Tomorrow, I am to appear at the Register-Guard, the local newspaper, to be questioned. So I have been to busy filling out "My Universe in Fifty Words or Less."
Now. Must make twelve copies. Must shower and shave. Must dig up change for the Sacred Heart parking garage ... which is SPENDY!
Monday, March 29, 2004
The Law, Part Deuxhart williams
"WE THE PEOPLE of the United States, in Order to form a more perfect Union, establish Justice, insure domestic Tranquility, provide for the common defence, promote the general Welfare, and secure the Blessings of Liberty to ourselves and our Posterity, do ordain and establish this Constitution for the United States of America."
It seems funny to me that you can cherry-pick the parts of the Constitution that you want to enforce, but the first thing they tell you when you get to law school is: This isn't about justice. It's about the LAW. If you're concerned with justice, KEED, get out of here, because you won't find it. The law …".
And then Professor Kingsfield proceeds to terrorize the class. I've heard the same story from every friend of mine who ever became a lawyer, and that's the reason that I veered away from pre-law in college in favor of writing. Writing, at least, was about Justice. (And, perhaps, even Truth, which is another unpopular conception amongst the barrister class.)
The funny part? Well, I never thought that the preamble was a meaningless piece of window dressing. Nope. You notice is says "establish Justice"? I have a sneaking feeling that's exactly what was meant. But then again: I'm not a lawyer. Still, it seems to me that we've put entirely too much of our faith in words. We KNOW that words only communicate a portion of the truth. We tend to forget that the map is NOT the territory. The story about the burglary -- the map -- is NOT the burglary. But entirely too often, the map of the Law is used in exact opposition to the Territory of Justice.
Oh, law isn't about Justice? I beg to differ. When justice ceases to be the basis of law, and when justice is openly sneered at by Law School Professors, and by smarty pants lawyers, again, something is broken.
We have forgotten what it means to be a "lawful" society.
Let me tell you a little story. Once upon a time, my mentor, the science fiction writer Theodore Sturgeon -- whom you might know either via his "alter-ego" of Kilgore Trout admittedly the model for Trout, according to Kurt Vonnegut , or for his creation of the phrase "Live Long and Prosper" in STAR TREK -- told me a story that his mother, Felix used to tell him. Felix wasn't actually her name. The creator of Felix the Cat, Otto Messmer, was a friend of hers: HE nicknamed her Felix, and the nickname stuck. Even her sons knew her as Felix. So, Felix used to tell how on old Staten Island, where Ted was born, they used to put out signs that said: "Please don't walk on the grass," or even just "Please."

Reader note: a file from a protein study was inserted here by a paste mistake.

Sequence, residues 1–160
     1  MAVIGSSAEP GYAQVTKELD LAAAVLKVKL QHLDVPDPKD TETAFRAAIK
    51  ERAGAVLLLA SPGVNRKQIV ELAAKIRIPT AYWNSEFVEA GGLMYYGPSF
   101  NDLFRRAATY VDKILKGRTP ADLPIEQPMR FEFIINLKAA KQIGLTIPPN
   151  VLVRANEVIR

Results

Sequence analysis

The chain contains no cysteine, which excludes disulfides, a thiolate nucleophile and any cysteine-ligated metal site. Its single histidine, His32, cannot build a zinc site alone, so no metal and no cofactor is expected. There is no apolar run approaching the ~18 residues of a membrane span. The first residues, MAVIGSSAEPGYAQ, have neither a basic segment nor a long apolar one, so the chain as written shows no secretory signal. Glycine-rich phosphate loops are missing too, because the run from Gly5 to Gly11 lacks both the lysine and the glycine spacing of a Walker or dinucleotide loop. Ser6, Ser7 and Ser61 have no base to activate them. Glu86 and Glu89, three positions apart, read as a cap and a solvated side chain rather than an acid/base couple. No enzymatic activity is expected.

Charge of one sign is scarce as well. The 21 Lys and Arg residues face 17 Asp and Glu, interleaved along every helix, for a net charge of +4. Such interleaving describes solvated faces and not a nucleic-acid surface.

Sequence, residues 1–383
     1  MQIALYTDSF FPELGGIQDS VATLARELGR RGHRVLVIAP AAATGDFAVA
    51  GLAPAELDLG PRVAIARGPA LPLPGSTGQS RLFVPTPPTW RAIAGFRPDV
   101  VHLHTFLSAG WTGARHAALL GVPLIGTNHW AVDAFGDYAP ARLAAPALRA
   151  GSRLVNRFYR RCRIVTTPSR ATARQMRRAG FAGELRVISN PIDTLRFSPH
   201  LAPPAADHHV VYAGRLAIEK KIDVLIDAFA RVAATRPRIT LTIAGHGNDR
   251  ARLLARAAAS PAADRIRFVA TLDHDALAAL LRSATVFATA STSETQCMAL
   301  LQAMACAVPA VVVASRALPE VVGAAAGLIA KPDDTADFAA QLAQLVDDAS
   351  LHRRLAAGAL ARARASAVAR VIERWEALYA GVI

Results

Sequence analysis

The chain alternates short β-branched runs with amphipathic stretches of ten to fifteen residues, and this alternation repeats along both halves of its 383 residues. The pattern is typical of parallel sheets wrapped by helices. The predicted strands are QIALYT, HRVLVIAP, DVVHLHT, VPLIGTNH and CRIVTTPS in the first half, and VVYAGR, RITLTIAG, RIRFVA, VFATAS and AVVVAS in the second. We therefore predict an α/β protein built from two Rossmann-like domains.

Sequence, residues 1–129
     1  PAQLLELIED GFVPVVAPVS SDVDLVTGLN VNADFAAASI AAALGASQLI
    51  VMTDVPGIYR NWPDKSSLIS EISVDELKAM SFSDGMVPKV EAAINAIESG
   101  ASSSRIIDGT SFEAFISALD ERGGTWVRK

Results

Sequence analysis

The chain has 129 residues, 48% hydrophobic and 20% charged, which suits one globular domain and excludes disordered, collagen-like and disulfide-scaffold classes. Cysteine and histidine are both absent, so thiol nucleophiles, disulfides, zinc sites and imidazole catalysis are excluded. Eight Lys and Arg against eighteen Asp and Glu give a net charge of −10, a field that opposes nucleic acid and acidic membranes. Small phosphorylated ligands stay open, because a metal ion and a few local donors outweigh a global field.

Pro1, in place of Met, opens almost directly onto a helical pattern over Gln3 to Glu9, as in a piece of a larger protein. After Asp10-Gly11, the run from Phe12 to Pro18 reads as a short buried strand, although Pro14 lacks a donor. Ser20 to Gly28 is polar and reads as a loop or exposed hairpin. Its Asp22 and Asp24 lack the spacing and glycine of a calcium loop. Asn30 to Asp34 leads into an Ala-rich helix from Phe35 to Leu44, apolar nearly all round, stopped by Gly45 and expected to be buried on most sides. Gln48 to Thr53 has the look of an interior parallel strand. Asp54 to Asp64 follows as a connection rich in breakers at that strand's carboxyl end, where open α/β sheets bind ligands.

And people would acquiesce and politely refrain from walking on the grass.
But, Felix told her son, when Prohibition came in, people became enraged. Not just at the Prohibition law. At ALL laws, and she started seeing people going out of their way to walk on the grass, even though the grass didn't have ANYTHING to do with the Prohibition law!
That always impressed Ted, and, in turn, his story impressed me. Years later, I learned that this wasn't a new story. Lao Tzu said the same thing a few thousand years ago: "Make a few laws and people will be lawful. Make too many laws, and no one will obey any of them."
Well, that's what I have seen.
Or let me tell you another story: I grew up in Wyoming and New Mexico, and both were pretty open in terms of their laws. There weren't all TOO many volumes of law, and personal responsibility was considered to be a big part of being an adult, so when I first got to Massachusetts in 1974, or California in 1976, there was a huge "sticker shock" at the profusion of laws!
I mean there was a law about EVERYTHING! I spent years fuming that there were so many laws and rules and regulations until one day I realized "Hart! You dummy! You're just about the only person you know who actually tries to obey them all!"
And, I had to admit, I was right.
Nobody paid any attention to the laws at all. There was a certain "lip service" paid to them, but the vast majority of laws were just ignored. It was only later that I learned about Lao Tzu, and about Felix' "Please" signs.
We still need to establish justice.
The problem is, the way the laws seem to be written and administered is mostly a code of giving different people cuts in line. And it is this overwhelming sense of unfairness that has created the misperception that we are in an eternally antagonistic relationship with our government. We SHOULD be our government. That's the way it's written.
But that's not at all the way it's practiced.
(more to come)